Analysis - Panic stations.
At the moment I would say that people are resigned,’ says Barry Drew, a senior partner with Kitchen & Brown, a firm of chartered accountants based in Helston, Cornwall.
‘I don’t think anybody is panicking at the moment but if foot-and-mouth lasts for eight months, as in 1967, there will be some worried people down here.’
Approximately 10% of Kitchen & Brown’s clients work in agriculture. A further 10% are directly involved in the tourism trade with another 40% indirectly affected by the tourism business.
Although, at the time of writing, there were only two cases of foot-and-mouth in the county in North Cornwall many miles away from Helston, the overall effect on local businesses is tangible. Kitchen & Brown’s response to the crisis has been to begin advising clients on long-term planning and to show flexibility to long-standing customers.
Drew says they have begun drawing up second year accounts for farmers without seeing any money from first year accounts.
‘We have to be a bit careful we don’t go under, but these people have been loyal to us and worked with us for many years,’ he says. The firm has put into place something that would please business crisis managers.
At a time of crisis they make sure their service is visible and continuing as usual.
‘It is all about keeping the business running and how well a service is maintained,’ says John Sharp, chief executive officer at the Business Continuity Institute. And crises seem to be a growth industry in the UK.
Floods, fuel protests, a disappearing train network, more floods and foot-and-mouth have made the past few months sound like a tale from the Old Testament. Only famine, it seems, has been missing. Increasingly, responding to or preparing for disaster is an integral part of management strategy. However crisis preparation or management is an area fraught with difficulties.
Other than the onset of a possible recession – predictions of global meltdown have been with us for a year or longer – and floods, where the vagaries of the British winter can be anticipated to some extent, none of the other recent events could have been predicted.
Certainly no one could have foreseen the momentum of last September’s fuel protests.
Nor could anyone have forecast the pace at which our rail network could breakdown in the wake of the October Hatfield crash. It has become essential for businesses to make formal contingency plans.
And crises do not have to be on the scale seen over the last few months to make them crises. Companies can be hit by extensive IT or personnel problems, or even more ‘mundane’ ones such as damage to premises through fire.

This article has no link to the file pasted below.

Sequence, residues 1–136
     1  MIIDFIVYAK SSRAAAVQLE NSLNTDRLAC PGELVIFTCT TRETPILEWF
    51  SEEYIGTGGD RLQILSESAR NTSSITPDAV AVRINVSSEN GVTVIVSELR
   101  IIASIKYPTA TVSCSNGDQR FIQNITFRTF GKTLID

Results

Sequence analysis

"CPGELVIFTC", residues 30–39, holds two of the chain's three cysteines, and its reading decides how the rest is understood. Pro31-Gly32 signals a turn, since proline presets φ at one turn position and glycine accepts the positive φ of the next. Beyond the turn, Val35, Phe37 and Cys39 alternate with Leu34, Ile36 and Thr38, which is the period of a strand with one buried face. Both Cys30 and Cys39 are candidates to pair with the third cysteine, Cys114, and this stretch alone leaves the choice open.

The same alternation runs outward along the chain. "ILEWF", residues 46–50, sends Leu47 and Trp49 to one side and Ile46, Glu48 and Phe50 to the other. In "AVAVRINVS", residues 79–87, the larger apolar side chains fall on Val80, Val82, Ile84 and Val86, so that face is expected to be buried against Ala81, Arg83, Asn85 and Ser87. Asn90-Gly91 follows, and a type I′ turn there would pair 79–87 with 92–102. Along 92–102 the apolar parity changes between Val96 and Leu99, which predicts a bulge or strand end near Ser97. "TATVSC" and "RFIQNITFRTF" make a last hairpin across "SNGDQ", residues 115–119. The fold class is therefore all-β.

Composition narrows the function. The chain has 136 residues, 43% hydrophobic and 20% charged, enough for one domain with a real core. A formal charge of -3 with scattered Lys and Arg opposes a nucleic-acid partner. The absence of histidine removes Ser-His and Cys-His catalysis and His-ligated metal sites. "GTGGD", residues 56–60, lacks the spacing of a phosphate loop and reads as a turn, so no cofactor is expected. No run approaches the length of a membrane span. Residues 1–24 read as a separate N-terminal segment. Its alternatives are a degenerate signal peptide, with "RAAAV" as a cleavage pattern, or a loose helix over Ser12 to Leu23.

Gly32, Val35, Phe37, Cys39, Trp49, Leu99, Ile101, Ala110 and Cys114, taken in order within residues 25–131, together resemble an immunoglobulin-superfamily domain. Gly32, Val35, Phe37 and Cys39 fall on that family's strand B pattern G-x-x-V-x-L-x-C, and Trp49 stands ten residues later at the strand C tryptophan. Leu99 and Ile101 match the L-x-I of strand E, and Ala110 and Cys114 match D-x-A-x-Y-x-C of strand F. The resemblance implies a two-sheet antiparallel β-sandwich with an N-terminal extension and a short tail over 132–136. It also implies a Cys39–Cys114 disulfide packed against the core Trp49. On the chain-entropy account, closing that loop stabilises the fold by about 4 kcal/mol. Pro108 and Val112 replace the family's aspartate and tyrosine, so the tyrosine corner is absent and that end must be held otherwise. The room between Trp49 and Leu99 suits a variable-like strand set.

One (theoretical) bright spot from the current run of difficulties is that as the number of problems increase, business should become more effective at preparing for them. Theory though can differ from reality. Despite the increasing incidence of business rupturing events, there is little evidence that companies are planning ahead properly for when the inevitable happens.
A survey published in January by the Business Continuity Institute and the Institute of Management showed that, in the wake of recent crises, a large number of companies were still failing to plan for a similar event occurring in the near future.
Although last year’s fuel protests affected 94% of companies to varying degrees, only 45% have taken any measures to make sure they wouldn’t be disrupted by a similar protest.
Over 65% of companies have been affected by the on-going rail transport crisis but 68% have nothing in place to prevent further disruption to business.
Similarly, almost 65% of companies surveyed felt the effects of recent flooding, yet 64% had done nothing to guard against disruption. Despite this, the survey also revealed that 69% said that if faced with similar problems in the future they were confident their organisation would cope. Is this just wishful thinking on their part?
Probably, is the answer. So what should businesses be doing?
Steve McCallum, a senior manager with Deloitte & Touche’s enterprise risk services unit says the trick is to plan for each emergency or disaster in the same way regardless of what caused it in the first place.